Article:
WASHINGTON — President Joe Biden on Monday will denounce the charge to impeach Homeland Secretary Alejandro Mayorkas as an “unprecedented and unconstitutional” political attack that betrays the real challenge of securing the southern U.S. border, according to a statement of administration policy shared first with NBC News.

Biden’s statement will be his most forceful condemnation of the Republican-controlled House’s push to bring the Mayorkas impeachment to the floor. It comes before a House Rules committee meeting on Monday afternoon that could be the next procedural step before a vote on the floor.

“From his time in the Justice Department as a U.S. Attorney to his service as Deputy Secretary and now Secretary of Homeland Security, he has upheld the rule of law faithfully and has demonstrated a deep commitment to the values that make our Nation great,” Biden will say. “Impeaching Secretary Mayorkas would be an unprecedented and unconstitutional act of political retribution that would do nothing to solve the challenges our Nation faces in securing the border.”

Republicans argue that impeachment hearings, which the House Homeland Security Committee launched last month, are needed due to record high illegal border crossings and drug trafficking across the southern U.S. border under Mayorkas, whom Biden appointed in 2021. Rep. Marjorie Taylor Greene, R-Ga., tried twice last year to force an impeachment vote against Mayorkas.

In a format usually reserved to announce when the president will veto a particular bill, Biden will counter that House Republicans are abusing Congress’s authority to target a Cabinet-level official for reasons beyond the scope of their authority.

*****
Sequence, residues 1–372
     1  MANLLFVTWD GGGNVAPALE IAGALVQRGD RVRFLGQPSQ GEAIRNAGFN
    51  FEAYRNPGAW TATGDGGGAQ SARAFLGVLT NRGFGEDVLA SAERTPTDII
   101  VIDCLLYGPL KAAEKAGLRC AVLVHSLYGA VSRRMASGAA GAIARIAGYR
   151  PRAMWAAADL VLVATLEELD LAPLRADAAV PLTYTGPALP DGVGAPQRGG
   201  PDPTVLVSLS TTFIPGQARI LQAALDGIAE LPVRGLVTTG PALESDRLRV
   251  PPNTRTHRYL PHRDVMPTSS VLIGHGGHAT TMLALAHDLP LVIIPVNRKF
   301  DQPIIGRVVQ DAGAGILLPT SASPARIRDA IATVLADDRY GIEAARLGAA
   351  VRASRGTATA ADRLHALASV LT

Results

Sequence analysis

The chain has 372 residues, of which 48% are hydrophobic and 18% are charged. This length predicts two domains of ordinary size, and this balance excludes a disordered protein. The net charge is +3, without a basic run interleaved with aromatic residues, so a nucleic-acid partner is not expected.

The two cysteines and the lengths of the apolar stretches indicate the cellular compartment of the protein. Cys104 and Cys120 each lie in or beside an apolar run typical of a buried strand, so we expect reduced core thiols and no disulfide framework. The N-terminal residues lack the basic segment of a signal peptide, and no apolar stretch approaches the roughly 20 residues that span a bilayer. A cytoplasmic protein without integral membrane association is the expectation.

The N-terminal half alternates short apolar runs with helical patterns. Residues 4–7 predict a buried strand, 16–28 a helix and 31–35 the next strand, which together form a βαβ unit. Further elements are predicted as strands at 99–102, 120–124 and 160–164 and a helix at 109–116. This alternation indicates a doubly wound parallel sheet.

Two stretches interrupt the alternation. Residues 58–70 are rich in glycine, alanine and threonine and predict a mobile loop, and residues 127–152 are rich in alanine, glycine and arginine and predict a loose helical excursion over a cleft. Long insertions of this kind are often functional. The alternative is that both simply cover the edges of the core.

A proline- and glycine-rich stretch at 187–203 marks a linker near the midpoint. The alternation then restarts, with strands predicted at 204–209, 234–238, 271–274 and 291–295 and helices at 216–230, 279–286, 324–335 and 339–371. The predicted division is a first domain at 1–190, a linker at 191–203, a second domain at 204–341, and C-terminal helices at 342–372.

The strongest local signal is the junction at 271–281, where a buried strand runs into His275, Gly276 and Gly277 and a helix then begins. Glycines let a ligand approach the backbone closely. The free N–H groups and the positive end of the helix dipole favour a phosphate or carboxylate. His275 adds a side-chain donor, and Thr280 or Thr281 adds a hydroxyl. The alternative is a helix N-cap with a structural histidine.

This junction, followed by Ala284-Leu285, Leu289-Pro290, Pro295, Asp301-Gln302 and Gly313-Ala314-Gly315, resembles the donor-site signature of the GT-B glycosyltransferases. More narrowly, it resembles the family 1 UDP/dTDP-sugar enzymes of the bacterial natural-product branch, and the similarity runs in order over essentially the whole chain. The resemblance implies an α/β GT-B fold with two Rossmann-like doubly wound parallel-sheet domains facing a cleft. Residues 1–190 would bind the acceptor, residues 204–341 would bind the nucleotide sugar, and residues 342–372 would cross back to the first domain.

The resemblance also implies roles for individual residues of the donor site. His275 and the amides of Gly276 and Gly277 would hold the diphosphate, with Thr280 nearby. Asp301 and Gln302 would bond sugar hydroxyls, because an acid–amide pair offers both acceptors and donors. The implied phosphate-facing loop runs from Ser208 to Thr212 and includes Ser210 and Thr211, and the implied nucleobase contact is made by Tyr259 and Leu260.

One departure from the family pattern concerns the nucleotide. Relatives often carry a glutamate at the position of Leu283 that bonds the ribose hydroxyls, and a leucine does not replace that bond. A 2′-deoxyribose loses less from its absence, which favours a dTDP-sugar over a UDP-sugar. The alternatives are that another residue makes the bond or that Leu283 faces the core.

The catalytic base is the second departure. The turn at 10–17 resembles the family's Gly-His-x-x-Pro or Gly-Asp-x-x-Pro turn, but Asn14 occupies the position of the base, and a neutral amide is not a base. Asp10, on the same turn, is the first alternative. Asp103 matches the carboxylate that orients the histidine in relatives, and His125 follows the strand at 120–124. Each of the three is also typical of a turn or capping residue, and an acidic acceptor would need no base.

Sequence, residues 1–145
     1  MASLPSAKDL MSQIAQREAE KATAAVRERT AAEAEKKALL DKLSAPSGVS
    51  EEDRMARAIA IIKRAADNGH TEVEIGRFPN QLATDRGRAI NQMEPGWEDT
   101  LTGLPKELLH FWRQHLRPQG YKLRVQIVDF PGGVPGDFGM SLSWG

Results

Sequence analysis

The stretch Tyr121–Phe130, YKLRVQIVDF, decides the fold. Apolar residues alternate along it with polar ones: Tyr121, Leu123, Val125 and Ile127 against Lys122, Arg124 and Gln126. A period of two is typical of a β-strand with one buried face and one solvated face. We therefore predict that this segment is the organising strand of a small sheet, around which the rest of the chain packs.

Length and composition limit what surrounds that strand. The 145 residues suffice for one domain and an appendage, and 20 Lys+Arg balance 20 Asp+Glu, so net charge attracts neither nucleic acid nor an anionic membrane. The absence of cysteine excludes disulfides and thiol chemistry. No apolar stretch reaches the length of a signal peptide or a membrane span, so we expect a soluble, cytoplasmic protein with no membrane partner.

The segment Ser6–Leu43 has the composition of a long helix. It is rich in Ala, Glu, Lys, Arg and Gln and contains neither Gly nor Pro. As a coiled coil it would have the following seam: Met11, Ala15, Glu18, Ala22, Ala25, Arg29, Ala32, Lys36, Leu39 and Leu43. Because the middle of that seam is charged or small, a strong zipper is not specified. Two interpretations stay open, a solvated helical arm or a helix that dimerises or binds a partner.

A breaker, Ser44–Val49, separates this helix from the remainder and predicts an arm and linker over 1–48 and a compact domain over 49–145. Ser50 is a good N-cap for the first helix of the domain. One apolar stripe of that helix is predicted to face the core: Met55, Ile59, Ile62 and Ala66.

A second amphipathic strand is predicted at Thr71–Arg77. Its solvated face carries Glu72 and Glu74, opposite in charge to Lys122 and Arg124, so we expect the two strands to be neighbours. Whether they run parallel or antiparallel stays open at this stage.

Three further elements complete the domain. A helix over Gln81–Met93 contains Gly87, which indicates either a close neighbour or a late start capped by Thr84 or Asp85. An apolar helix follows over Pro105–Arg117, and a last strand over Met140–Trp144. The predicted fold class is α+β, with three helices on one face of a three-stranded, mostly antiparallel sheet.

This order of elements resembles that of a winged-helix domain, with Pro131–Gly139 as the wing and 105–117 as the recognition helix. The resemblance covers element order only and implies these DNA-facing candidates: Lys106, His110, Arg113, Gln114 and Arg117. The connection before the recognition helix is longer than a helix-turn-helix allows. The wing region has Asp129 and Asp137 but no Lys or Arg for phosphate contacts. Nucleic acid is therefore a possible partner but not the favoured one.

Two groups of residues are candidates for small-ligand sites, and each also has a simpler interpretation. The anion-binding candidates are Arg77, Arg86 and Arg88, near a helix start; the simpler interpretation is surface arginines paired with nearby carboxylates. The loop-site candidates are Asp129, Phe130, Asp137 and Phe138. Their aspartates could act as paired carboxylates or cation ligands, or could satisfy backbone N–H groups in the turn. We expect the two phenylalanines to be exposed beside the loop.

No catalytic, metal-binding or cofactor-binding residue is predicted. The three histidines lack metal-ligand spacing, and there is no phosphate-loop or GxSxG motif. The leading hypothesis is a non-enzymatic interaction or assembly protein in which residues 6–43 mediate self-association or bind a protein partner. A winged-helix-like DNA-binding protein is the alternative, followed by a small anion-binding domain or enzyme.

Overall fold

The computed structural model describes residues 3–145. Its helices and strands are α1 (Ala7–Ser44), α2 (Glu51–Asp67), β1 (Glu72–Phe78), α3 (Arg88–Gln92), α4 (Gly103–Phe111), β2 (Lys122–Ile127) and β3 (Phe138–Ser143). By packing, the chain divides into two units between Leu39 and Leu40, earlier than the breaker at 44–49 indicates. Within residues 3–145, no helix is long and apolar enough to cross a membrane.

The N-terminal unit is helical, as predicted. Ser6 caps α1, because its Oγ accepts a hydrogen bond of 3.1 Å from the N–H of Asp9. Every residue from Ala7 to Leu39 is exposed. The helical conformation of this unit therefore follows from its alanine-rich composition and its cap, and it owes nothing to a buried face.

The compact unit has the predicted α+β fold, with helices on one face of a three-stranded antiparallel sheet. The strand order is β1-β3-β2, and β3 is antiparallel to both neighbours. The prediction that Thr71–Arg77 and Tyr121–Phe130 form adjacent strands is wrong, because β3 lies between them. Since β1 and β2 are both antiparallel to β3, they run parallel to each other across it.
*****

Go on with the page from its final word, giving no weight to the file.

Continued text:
“The impeachment power was never intended as a device for members of an opposing political party to harass Executive Branch officials over policy disputes,” Biden states. “Impeaching Secretary Mayorkas would trivialize this solemn constitutional power and invite more partisan abuse of this authority in the future.”

Slamming the impeachment case as “baseless,” Biden says his administration will continue to work with Congress to find solutions to secure the border and strengthen an immigration system burdened by a record-high number of crossings. Hard-line Republicans have balked at a newly unveiled border bill, prompting pushback from some colleagues eager to pass legislation to address the crisis.  

Some Republicans have countered that Mayorkas’s record does not meet the threshold for treason or high crimes and misdemeanors, which impeachment, as described by the framers, demands. Mayokras would be only the second Cabinet secretary in U.S. history to be impeached.

The White House earlier advanced an argument against impeachment on constitutional grounds in a memo slamming Republicans for playing “extreme, far-right politics” that likened the push to remove Mayorkas to efforts to overturn the 2020 presidential election and impeach Biden.  

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